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Elon Musk urges SEC to review Twitter’s ‘bot issue’

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Yahoo Finance’s Dan Howley joins the Live show to discuss Elon Musk urging the SEC to review Twitter’s user numbers.

Video Transcript

[MUSIC PLAYING]

- Welcome back, everyone. This saga between Elon Musk and Twitter carries on today with Musk calling on the SEC to review the social media platform's user numbers and Twitter doubling down on its merger agreement. Yahoo Finance's tech designated hitter, DH, Dan Howley, he's got the details.

DAN HOWLEY: That's right. So essentially, what we're seeing here is Elon Musk almost backing away from the deal to a degree, not necessarily coming out and saying that he's backing away. He has said before that he will stick to it. Twitter now is really telling him that he's going to stick to it at the original price that they agreed upon, saying that, more or less, that they want their shareholders to vote in favor of this, the whole idea there being that Twitter, it seems, suspects that Musk is trying to lower that sale price from the current $42.40, the $44 billion that we had discussed originally, from there to something less.

And his whole way of doing this is discussing the so-called bot issue. Now, just to give you an idea, bots are a thing that Twitter purposely makes. There's an Application Programming Interface, or API, that is available to users or to companies to create bots. And a lot of bots are, believe it or not, very helpful. You can use them for things like getting the latest sports scores. Sometimes they update you on natural disasters or alerts for different emergencies.

But there are some, obviously, that are used by cybercriminals or more nefarious people looking to scam folks out of their crypto wallets, out of cryptocurrency, their own regular currency, their private information, things along those lines. And that appears to be Musk's big issue. Remember, there were a few crypto scams going on pretending to be Elon Musk.

And then, oh, yeah, there was that kid who set up that bot, a 19-year-old who had set up that bot that would track Elon Musk's jet. He was none too happy about that, tried to get the kid to leave well enough alone, offered him $5,000. The kid said, no, give me a Tesla and maybe a job. And Elon Musk kind of went radio silent there.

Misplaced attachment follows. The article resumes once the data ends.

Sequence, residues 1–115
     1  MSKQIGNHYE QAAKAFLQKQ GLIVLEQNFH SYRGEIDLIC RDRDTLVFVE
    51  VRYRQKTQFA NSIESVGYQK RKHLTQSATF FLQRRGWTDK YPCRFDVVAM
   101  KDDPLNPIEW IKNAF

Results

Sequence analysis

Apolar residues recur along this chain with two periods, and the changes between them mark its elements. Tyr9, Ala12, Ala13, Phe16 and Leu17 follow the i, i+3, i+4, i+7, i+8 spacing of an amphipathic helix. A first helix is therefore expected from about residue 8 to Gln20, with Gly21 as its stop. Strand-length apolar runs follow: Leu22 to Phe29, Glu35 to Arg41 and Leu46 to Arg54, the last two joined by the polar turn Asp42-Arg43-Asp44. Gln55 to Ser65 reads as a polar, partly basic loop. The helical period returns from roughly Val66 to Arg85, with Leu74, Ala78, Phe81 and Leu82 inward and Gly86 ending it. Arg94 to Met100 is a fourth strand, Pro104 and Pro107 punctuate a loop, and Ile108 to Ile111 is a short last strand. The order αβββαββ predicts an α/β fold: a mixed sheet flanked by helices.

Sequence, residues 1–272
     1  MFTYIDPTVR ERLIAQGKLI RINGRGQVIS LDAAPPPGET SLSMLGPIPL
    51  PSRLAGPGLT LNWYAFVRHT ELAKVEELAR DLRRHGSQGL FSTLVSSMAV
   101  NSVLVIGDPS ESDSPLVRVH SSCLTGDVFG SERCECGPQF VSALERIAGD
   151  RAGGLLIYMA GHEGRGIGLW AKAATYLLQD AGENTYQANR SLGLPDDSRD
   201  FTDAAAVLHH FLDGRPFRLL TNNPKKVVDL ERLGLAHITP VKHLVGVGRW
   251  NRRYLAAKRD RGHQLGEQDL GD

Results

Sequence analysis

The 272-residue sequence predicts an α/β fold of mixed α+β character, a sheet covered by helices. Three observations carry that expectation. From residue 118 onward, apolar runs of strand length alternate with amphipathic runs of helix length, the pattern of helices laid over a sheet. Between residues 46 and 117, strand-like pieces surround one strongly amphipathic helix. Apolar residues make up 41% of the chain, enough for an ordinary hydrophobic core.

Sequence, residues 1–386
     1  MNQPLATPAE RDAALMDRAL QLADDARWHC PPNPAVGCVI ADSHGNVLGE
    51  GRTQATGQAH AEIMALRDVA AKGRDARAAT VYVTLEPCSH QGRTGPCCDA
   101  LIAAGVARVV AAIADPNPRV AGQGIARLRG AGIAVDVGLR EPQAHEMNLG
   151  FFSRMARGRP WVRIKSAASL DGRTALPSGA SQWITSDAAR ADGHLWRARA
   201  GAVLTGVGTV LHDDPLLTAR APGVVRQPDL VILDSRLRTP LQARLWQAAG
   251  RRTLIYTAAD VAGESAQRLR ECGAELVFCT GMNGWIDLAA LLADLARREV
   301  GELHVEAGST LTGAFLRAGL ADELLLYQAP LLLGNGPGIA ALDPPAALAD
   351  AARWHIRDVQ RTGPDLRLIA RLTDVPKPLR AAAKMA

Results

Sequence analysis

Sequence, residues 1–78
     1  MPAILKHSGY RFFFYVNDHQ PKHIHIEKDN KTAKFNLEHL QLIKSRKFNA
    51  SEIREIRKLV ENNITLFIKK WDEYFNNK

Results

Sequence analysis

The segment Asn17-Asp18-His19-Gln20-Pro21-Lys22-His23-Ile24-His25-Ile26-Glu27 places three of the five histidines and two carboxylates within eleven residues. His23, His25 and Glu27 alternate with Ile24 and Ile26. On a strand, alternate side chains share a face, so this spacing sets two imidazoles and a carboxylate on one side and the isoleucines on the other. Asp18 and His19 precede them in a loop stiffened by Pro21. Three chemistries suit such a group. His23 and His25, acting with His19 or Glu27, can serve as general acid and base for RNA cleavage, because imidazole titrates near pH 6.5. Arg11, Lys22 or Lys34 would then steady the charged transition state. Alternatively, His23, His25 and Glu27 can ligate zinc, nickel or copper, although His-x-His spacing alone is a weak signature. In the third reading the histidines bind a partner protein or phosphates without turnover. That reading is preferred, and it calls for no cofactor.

So you could see where he may have this issue of why this exists. But in the grand scheme of things, there's no way, regardless of how much he wants to get rid of bots, that he will ever get rid of bots because there is that application programming interface where bots are a good part of Twitter in a good sense. But even if they do away with the API, there are still bots on other social media platforms that don't even offer that, like Facebook, TikTok, Instagram. So there's no real way for him to do away with bots.

And his big contention here is that it's not actually less than 5% of Twitter users that are bots, the way Twitter tells it. We had Twitter CEO Parag Agrawal, basically explaining how they go got to that number. Elon Musk saying, no, open that up to the public. Everyone should be able to see. And we just don't necessarily know where we're going to end up here. But it really is just a back and forth at this point. And as much as he says he wants to get rid of these bots, it's just not going to happen.

JULIE HYMAN: Well, and not only that-- he says he wants to get rid of the bots. He says this is why he won't be negotiating the deal. I keep coming back to Matt Levine of Bloomberg's column from yesterday, where he wrote about this issue, as he has been throughout this whole thing. And he said, quote, "I think it is important to be clear here that Musk is lying. The spambots are not why he's backing away from the deal." So initially, when he talked about wanting to take over Twitter, in part to reduce the bots, fine, that was one of the reasons. But clearly, this is a red herring.

DAN HOWLEY: Yeah, I mean, the big thing that he wanted to do was loosen up speech on there. And for whatever reason, he believes that speech is a problem on Twitter when in actuality, it's not. It's Twitter using its own free speech to moderate content that it thinks that users want to see-- and, by the way, advertisers want to see, because I feel like Tide doesn't want to have an ad next to some neo-Nazi. That's probably not good for Tide, and so not good for Twitter.

And so that's what Twitter does, and that's their First Amendment right to do that. But Elon Musk seems to think that it should be opened up totally, and then doing that will allow for an even greater kind of conversation. I don't know if you've ever been on Twitter. Conversations on there are already awful. So I don't know how much more open you can get it before it just descends into a pit.

JULIE HYMAN: Well, him complaining about free speech won't get him out of the deal, whereas maybe complaining about the spam bots--

DAN HOWLEY: $1 billion maybe, $1 billion.

- Yahoo Finance's own Dan Howley. Appreciate the breakdown here today.

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